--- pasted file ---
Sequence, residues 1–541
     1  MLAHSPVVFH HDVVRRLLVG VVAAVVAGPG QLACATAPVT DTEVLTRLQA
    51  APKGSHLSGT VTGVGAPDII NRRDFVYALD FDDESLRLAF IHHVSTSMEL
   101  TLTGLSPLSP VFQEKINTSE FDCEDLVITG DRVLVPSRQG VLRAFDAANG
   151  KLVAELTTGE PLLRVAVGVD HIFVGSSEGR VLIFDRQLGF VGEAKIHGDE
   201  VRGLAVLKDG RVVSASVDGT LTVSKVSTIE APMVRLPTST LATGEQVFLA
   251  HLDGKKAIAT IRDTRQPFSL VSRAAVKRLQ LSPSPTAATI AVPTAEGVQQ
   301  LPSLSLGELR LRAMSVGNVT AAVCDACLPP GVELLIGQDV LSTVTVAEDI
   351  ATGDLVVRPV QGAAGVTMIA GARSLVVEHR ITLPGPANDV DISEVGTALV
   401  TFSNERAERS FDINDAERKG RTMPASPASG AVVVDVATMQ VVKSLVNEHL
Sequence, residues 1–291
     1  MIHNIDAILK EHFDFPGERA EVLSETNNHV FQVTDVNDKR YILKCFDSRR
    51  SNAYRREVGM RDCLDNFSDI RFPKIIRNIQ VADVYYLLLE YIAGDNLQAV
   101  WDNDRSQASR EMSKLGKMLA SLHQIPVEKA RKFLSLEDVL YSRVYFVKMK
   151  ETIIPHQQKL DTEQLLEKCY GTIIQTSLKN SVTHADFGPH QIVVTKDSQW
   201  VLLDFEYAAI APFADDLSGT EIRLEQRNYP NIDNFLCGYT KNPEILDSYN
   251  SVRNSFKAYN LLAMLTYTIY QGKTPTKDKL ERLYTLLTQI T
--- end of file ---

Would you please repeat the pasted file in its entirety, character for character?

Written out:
Sequence, residues 1–541
     1  MLAHSPVVFH HDVVRRLLVG VVAAVVAGPG QLACATAPVT DTEVLTRLQA
    51  APKGSHLSGT VTGVGAPDII NRRDFVYALD FDDESLRLAF IHHVSTSMEL
   101  TLTGLSPLSP VFQEKINTSE FDCEDLVITG DRVLVPSRQG VLRAFDAANG
   151  KLVAELTTGE PLLRVAVGVD HIFVGSSEGR VLIFDRQLGF VGEAKIHGDE
   201  VRGLAVLKDG RVVSASVDGT LTVSKVSTIE APMVRLPTST LATGEQVFLA
   251  HLDGKKAIAT IRDTRQPFSL VSRAAVKRLQ LSPSPTAATI AVPTAEGVQQ
   301  LPSLSLGELR LRAMSVGNVT AAVCDACLPP GVELLIGQDV LSTVTVAEDI
   351  ATGDLVVRPV QGAAGVTMIA GARSLVVEHR ITLPGPANDV DISEVGTALV
   401  TFSNERAERS FDINDAERKG RTMPASPASG AVVVDVATMQ VVKSLVNEHL
Sequence, residues 1–291
     1  MIHNIDAILK EHFDFPGERA EVLSETNNHV FQVTDVNDKR YILKCFDSRR
    51  SNAYRREVGM RDCLDNFSDI RFPKIIRNIQ VADVYYLLLE YIAGDNLQAV
   101  WDNDRSQASR EMSKLGKMLA SLHQIPVEKA RKFLSLEDVL YSRVYFVKMK
   151  ETIIPHQQKL DTEQLLEKCY GTIIQTSLKN SVTHADFGPH QIVVTKDSQW
   201  VLLDFEYAAI APFADDLSGT EIRLEQRNYP NIDNFLCGYT KNPEILDSYN
   251  SVRNSFKAYN LLAMLTYTIY QGKTPTKDKL ERLYTLLTQI T